HIV Nef downregulates cell surface host proteins, including MHC-I and SERINCs, by redirecting them into clathrin coated vesicles (CCVs) for lysosomal degradation. Nef achieves this by hijacking the AP-1 and AP-2 clathrin adaptors. HIV-1 Nef cooperates with the GTPase Arf1 to induce oligomerization and activation of AP-1, assembling as either dimers or closed or open trimers in vitro.
In aim 1, we will test the new hypothesis that Nef is a cargo-dependent allosteric switch that regulates the conformational state of the AP-1:Arf1 trimer. In this model, Nef is able, depending on the type of cargo bound, to induce AP-1:Arf trimers to adopt an open state that promotes CCV formation, or to form a closed trimer state that retains cargo at the trans-Golgi network (TGN). The best characterized substrates for Nef at the TGN are MHC-I (all Nefs) and tetherin (SIV, HIV-2, and group O HIV-1 Nefs). A substantial body of data suggest that tetherin accumulates at the TGN, while MHC-I is degraded in the lysosome. We found that tetherin and MHC-I promote the closed and open conformations of AP-1 trimers, respectively. Here, I will identify the structural determinants that control the equilibrium between the three known oligomeric states of AP-1 (dimer, closed trimer, and open trimer).
Aim 2 will investigate how a poorly understood class of transmembrane proteins, the SERINCs, are downregulated by Nef. This question is of paramount importance in the HIV field because the SERINCs are the main target of Nef's infectivity-enhancing activity. SERINCs lack canonical AP internalization signals and there has been no substantial evidence for direct SERINC-Nef binding. Here, we hypothesize that a novel AP-2 binding site might be created by phosphorylation of SERINC cytosolic loops. We provide preliminary evidence in support of this concept, and plan to use this as the starting point to determine the structural basis for SERINC downregulation. In our current working model for Nef and AP-2 downregulation of SERINCs, the Nef LL sequence promotes AP-2 unlocking, while a non-canonical phosphorylated sequence in one of the cytosolic loops of SERINC3 binds to the ?2 CTD domain.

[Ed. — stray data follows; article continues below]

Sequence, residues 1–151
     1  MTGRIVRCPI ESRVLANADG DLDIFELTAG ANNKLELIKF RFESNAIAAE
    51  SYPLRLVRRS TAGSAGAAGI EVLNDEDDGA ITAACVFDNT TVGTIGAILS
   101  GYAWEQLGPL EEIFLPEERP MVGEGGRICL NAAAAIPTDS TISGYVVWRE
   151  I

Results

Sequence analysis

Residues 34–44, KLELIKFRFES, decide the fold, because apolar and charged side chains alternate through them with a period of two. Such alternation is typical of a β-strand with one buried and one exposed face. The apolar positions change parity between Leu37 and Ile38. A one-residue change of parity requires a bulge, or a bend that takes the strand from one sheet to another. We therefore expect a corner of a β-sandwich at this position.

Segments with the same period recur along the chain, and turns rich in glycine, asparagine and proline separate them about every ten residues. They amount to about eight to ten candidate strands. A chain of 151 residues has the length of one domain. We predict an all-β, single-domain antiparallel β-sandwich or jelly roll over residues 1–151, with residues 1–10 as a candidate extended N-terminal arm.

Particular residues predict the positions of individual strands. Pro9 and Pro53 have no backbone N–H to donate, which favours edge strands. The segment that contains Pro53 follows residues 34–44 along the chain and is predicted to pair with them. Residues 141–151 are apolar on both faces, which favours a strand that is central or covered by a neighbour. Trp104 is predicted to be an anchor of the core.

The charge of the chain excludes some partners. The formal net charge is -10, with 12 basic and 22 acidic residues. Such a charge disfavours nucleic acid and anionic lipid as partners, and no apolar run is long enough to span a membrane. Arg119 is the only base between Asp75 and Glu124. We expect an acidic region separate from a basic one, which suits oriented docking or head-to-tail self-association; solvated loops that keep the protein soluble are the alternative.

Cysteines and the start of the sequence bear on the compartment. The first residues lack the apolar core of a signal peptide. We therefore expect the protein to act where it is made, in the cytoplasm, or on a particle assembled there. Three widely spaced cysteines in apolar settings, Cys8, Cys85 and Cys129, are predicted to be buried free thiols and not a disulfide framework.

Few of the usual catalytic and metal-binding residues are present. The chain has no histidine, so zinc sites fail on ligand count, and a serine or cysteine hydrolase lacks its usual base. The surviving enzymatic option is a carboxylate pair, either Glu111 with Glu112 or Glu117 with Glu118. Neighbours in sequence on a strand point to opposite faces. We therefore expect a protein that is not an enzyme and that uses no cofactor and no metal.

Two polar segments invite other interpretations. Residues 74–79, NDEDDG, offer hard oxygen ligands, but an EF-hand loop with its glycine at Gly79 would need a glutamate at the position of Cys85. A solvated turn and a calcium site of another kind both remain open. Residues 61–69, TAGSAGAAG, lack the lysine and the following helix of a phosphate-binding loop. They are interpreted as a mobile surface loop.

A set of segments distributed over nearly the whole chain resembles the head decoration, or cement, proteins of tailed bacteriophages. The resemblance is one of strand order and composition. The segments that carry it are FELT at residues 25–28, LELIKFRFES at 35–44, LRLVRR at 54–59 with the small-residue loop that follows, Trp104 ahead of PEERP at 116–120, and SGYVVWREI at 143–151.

Aim 2 will provide a direct visualization of this key event by cryo-EM.
The Nef protein of HIV-1 undermines host antiviral defenses and is essential to the infectivity of the virus. Consequently, Nef and its binding partners are potential targets for novel antiretrovirals. To identify these targets, this project aims to reveal the mechanisms by which Nef hijacks the clathrin pathway and induces downregulation of cell surface proteins such as MHC-I, tetherin and SERINCs.